Tuyen Quang became the first province to announce its failure with the National Dairy Development Plan. Over a four-year period (2003–2006), the province imported 3 279 pure Holstein-Friesian cows. But by September 2006 only around 1 000 of them werealive. The loss was attributed to insufficient infrastructure, lack of efficient management and that the plan was an exercise in “central planning” rather than an economic development plan.

In 2000, the Department of Agriculture and Rural Development (DARD) of Son La province requested the Provincial People’s Committee to import 100 dairy cows in order to set up pilot demonstrations at potential dairy farm households. However, the People’s Committee approved a plan to import 6 000 dairy cows. The DARD later recorded that of those 6 000 cows, only 945 cows were in lactation, 222 had died and the rest could not conceive.

Source: Rural Economy Newspaper, September 2006

Scale of production at the household level is increasing

The average number of head per dairy cattle herd is increasing, and the proportion of herds with less than five heads is decreasing. The typical herd now consists of five to ten head. Economies of scale are considered the most important reason for this change, with capital availability the biggest constraint to increasing the scale of their production, especially among the smallholders.

Dairy companies depend on imported milk powder rather than domestic fresh milk production

Import dependency has resulted in a value-chain segmentation among the milk producers, milk processors and milk consumers, each of whom have different priorities. Because domestic production meets only 22 percent of the total demand of dairy companies, international market developments influence the Vietnamese dairy sector. For instance, domestic milk powder price decreased in Viet Nam after its WTO accession in 2007. By importing milk powder to process “fresh milk”, milk companies have had greater profits than when using domestic fresh milk. And it partially explains why the price of fresh milk, which was mostly procured by the large-scale milk companies, remained constant (at least from 2002 to 2006) while the input costs rapidly increased.

On the consumption side, fresh milk supplies are not highly appreciated by Vietnamese consumers, who seem to consider the short shelf life of pasteurized milk as an indication of inferior quality. In addition, the low prevalence of home refrigeration, especially in rural areas, makes UHT milk more convenient for consumers. However, as average income increases in Viet Nam, processors are expecting some shift of consumption habits, from UHT milk to pasteurized milk. Changes in habits are helped along by marketing and improving awareness on the quality of pasteurized milk in contrast to UHT milk, as Nestlé has discovered.

World price increases translate to opportunity for Viet Nam dairy farmers

From June 2007, two of the main dairy companies, VINAMILK and Dutch Lady, increased the farmgate price from 4 600 dong per kg to, first, 5 000 dong per kg and then to 6 400–6 800 dong per kg at the end of June 2007. The world demand for milk in 2007 increased sharply (by 35–100 percent), pushing up prices, particularly in a context of drought and reduced-fodder availability. Additionally, some European Union countries cut the subsidies in the dairy sector, making the milk price rise closer to the real value of products.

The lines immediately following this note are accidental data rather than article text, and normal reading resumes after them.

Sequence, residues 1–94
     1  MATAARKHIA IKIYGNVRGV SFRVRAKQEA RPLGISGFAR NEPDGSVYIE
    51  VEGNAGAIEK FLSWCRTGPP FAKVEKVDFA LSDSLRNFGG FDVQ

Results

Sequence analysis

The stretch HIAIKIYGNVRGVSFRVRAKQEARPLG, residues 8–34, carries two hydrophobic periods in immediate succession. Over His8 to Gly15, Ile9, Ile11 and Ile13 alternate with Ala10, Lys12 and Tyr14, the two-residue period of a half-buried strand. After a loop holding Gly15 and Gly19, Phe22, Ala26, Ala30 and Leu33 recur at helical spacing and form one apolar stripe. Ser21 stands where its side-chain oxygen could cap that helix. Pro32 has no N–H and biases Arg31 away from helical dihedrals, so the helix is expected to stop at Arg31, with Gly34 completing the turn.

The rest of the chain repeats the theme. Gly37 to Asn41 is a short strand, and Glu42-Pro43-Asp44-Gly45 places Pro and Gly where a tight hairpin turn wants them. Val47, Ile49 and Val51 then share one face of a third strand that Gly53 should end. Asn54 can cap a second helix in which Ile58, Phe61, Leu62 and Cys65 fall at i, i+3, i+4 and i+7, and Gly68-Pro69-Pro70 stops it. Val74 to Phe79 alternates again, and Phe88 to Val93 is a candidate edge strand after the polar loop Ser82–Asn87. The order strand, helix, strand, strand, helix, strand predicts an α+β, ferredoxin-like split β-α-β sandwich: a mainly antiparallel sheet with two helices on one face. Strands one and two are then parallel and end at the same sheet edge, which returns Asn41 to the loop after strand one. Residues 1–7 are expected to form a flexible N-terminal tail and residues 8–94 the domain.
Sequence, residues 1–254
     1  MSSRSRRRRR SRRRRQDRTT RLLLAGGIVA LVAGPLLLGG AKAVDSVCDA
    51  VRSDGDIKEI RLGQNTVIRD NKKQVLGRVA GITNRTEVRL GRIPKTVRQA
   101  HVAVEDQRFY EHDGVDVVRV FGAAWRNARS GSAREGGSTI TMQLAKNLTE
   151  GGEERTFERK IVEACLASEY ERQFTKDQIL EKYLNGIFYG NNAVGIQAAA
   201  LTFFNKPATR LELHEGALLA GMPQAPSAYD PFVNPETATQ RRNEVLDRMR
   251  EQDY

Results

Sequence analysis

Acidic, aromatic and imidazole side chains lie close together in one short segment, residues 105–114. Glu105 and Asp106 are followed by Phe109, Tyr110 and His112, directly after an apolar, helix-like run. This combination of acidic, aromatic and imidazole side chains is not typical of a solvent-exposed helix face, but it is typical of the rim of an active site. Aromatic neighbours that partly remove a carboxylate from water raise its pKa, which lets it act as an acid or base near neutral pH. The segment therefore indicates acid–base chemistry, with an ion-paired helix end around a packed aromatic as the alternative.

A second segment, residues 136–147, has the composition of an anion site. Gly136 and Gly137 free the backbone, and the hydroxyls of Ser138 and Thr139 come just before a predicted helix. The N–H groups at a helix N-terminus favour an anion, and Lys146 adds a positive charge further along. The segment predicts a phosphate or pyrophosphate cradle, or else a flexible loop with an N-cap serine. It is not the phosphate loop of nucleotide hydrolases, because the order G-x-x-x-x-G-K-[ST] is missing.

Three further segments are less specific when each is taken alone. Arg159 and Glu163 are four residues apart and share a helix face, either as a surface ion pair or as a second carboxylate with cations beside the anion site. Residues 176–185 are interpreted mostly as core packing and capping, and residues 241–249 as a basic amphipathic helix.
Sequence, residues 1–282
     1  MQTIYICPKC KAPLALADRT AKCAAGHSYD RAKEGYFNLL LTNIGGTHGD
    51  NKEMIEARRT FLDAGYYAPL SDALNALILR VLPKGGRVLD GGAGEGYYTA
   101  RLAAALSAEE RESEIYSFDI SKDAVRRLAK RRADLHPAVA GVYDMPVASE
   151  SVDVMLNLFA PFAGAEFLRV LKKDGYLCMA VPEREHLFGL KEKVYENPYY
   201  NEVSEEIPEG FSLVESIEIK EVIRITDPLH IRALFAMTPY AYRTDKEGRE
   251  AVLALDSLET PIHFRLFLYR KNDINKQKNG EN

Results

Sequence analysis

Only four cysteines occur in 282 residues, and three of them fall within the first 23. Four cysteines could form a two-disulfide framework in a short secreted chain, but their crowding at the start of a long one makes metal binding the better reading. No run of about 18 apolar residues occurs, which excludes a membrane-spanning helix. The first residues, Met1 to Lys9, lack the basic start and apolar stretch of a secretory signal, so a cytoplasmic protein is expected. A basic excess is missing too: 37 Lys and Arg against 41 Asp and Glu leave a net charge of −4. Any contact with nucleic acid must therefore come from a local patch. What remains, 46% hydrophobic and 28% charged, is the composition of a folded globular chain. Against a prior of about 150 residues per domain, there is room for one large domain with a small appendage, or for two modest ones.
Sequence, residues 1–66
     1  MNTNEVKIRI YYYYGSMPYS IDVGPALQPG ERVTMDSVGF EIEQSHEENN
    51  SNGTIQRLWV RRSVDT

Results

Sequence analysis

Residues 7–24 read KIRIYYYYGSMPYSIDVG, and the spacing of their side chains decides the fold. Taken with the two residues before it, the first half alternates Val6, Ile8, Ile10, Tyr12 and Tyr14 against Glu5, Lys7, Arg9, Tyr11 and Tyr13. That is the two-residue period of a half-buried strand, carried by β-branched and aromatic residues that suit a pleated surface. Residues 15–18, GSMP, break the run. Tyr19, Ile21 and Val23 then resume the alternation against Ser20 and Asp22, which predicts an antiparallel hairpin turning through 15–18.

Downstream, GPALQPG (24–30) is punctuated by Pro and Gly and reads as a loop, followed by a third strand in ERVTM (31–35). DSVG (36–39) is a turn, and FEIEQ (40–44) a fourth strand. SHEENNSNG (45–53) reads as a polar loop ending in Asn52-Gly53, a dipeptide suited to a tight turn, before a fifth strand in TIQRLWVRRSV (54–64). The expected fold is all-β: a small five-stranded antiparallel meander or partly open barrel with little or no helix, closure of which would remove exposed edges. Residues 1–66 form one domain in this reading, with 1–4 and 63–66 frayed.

This is a real opportunity for dairy farmers in Viet Nam. The price gives farmers a profit of 3 000–3 500 dong per kg, or 45 000–52 000 dong per day ($2.8–$3.25 per day) for 15 kg of average daily yield per dairy cow, a very valuable income for rural households. The cost of dairy calves also has decreased, from 24 million dong per head (as a result of the high demand at the peak period of the NDDP) to 17–19 million dong per head (considered the “real” price of a calf).

Figure 1: Milk flow and dairy price charts

Smallholder farmers move into dairy production

Success of the NDDP and other support programmes/projects

Box 2: A smallholder farmer finds success in Dong Nai province

Like many other farmers in Long Thanh, Dong Nai province, Lam Quang Tri lived a hard life cultivating primarily cashews and rice, although he owned some goats and sold their milk. In 1982 he recognized that the goat milk was limited, with one goat producing only 1 litre of milk a day. So he looked into dairying, in which one cow produces 10 litres of milk a day. He sold the family’s jewelry and borrowed from relatives to buy six Sind cows. He then set aside 1 ha (most of his land at that time) for planting grass as feed for his cows.

Each time a cow became sick, he turned to a veterinary technician at the An Phuoc Cow Factory for help. Eventually he began reading books on cattle husbandry and found ways to treat his cows on his own. Although he also sought out professors at the Agricultural University and the Southern Institute of Agricultural Science on disease treatment, raising techniques and cow-development methods.

In 1985, his cows began producing milk. At first he tried selling it locally, but people were not familiar with such fresh cow’s milk. He then learned how to treat it by cooking it in a two-layer bain-marie and then distiling it into clean glass bottles. The locals were still reluctant to even try it. So he made yogurt and offered it plus the milk for free, at least to people he knew. The approach worked, and after just a short time, his customer base increased quickly. His sterile fresh milk is now famous in the region.